by Nick McGuire (@nickemcguire)
Cherry is a band that is sure to slip under many radars, but I implore you not to be one of those. It sits in its genre cleanly, carving out a place for itself among indie rock acts that experiment but don’t need to try too hard. As the label (Lame-O Records) describes, Russell Edling enlisted a few friends to write music that wasn’t inherently artful. With his previous music project, Kite Party, he noticed that the harder he worked on songs to make them artistic, the less meaningful they became for him. After a period of reassessment, he decided to start anew with some friends and write a fun record in hopes the gravity of being an “artist” would dissipate.
Now, this shouldn't be confused with an overly bouncy, poppy record. The lyrics don’t describe California sunsets or high school romance and the music consistently sounds unlike the synth-pop in high demand these days. For example, during the second chorus of “Waterfall,” Edling growls “I want to burn this place down to the ground.” His lethargic delivery suggests a shrug of nonchalance like he couldn’t care if you believe him because he knows it’s true. Musically, Dumbness drifts through many tempos and genres, flirting with field recordings, glam rock, sadboi solitude, Ben Folds piano rock, and more. It’s hard to pin down but thankfully that isn’t distracting. Cherry found a way to stay consistent without sounding the same. With Edling’s endlessly emotional without being too emotive delivery, it sounds like quintessential indie rock the first listen, but as the album grows on you it’s hard to ignore how palpable and brilliant some of the melodies are.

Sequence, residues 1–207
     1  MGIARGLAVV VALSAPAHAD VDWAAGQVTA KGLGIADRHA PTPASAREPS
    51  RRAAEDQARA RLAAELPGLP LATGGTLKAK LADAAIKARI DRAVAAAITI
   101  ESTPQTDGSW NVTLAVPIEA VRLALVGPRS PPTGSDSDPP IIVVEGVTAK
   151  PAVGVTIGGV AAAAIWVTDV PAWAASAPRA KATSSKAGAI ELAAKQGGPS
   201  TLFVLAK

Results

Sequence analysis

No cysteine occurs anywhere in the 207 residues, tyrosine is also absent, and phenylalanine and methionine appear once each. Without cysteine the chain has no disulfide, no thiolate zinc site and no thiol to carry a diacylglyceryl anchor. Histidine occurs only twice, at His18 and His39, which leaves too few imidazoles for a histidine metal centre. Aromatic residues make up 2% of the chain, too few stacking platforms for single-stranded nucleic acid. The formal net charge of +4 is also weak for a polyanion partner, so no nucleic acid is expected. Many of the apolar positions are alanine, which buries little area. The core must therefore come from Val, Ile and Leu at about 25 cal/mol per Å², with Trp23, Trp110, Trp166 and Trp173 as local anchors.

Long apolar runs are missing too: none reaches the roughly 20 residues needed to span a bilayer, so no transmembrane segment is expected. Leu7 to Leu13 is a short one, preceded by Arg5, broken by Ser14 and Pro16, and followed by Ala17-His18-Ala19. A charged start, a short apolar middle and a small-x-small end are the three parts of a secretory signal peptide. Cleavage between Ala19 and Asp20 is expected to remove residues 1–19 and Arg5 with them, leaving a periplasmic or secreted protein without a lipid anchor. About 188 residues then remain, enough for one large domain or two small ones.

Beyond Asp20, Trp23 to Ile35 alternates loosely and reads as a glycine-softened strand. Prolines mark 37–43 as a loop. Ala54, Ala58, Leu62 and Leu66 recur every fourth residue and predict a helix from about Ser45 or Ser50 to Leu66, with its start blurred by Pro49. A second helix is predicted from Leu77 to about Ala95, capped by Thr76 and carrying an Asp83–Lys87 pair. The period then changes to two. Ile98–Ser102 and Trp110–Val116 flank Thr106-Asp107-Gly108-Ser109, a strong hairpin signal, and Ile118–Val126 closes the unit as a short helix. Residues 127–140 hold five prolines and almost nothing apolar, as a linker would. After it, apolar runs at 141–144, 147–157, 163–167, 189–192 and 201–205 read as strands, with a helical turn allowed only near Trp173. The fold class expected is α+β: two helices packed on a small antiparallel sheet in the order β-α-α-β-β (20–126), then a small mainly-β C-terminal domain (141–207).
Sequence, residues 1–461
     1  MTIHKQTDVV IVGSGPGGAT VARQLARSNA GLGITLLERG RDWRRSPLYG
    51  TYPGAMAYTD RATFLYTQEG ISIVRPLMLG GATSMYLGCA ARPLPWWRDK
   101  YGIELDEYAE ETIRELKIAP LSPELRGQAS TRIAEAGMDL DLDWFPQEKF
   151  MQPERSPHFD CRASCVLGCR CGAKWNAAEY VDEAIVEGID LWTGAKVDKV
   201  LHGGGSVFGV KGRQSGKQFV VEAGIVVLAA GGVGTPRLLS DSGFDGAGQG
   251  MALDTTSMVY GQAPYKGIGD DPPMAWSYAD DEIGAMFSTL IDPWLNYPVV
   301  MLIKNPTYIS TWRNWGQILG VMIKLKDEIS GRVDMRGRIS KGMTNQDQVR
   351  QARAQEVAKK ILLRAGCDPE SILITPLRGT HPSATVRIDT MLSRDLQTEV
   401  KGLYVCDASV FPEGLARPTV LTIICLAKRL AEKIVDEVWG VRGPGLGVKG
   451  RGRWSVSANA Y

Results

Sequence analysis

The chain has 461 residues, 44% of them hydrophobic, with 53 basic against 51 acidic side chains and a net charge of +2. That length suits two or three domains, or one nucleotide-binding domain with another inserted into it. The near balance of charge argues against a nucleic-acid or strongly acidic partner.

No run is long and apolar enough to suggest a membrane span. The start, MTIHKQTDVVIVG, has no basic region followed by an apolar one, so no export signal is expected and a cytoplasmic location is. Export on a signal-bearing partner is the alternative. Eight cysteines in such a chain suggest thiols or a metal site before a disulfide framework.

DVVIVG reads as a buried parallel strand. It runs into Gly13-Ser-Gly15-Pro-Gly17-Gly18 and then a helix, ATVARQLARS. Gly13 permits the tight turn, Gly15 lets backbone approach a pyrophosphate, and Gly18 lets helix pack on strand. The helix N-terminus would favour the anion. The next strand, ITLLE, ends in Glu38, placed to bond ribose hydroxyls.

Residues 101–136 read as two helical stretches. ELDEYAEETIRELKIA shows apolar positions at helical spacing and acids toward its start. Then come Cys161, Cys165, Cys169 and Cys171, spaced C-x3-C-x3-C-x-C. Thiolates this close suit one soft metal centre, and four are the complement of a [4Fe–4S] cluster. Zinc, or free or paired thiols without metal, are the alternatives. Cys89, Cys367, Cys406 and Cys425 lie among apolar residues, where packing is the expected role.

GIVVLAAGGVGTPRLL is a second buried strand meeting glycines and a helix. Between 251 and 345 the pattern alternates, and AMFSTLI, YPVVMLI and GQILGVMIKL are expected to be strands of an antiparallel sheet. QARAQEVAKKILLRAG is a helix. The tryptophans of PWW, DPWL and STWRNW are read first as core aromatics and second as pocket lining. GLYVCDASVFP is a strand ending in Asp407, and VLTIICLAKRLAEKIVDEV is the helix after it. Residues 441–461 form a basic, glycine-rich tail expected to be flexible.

“Cherry,” the most repetitive track, follows two guitars playing mesmerizing similar melodies, swirling over each other. The drums lazily tag along—like a heavy knot swinging on the end of a long rope. Synths dribble in, playing creepy counterpoint. Everything speaks to the heavy slowness of melancholy. And when Edling sings, “here we go / sliding down the icy slope / but her hands move from mine in her mind all alone / to become free” you feel the slightest of pulls in the chest. It’s simple, gratifying, and hard not to feel deeply. This album won’t turn any heads soon (there’s nothing outright revolutionary in this record), but it may be the best of its category.
Take “Under the Sun,” easily one of the most infectious tracks. It starts with a hefty bass guitar that could nail your teeth to a wall before twisting out a stable, familiar guitar tone as it plays a Beach Fossils like riff. Even as the snare drum lands some sharp, well-placed hits, you wouldn’t be judgmental to expect another boring indie rock track. But that’s part of what Edling wanted: to create music that doesn’t try to be anything more than it is. With its whirring synth, the track kicks off as he sings, and with a title like “Under the Sun” the lyrics are unsurprisingly goofy, “Down at the park / kick flipping in the dark, yeah / come up and see me like you did when we were young.”
That’s the beauty of this album. As Cherry attempts to make music silly and not so artfully serious, Edling shows how overly serious we are as a culture. The first lyrics of the album are, “Everyone's dumb / go and ask anyone.” In a world where everyone is self-involved, always taking selfies and lost in their phones, Edling wants you to recognize that music can exist for its own sake and nothing more. There doesn’t have to be a higher meaning, just some friends, some fun, and a bunch of gnarly tunes.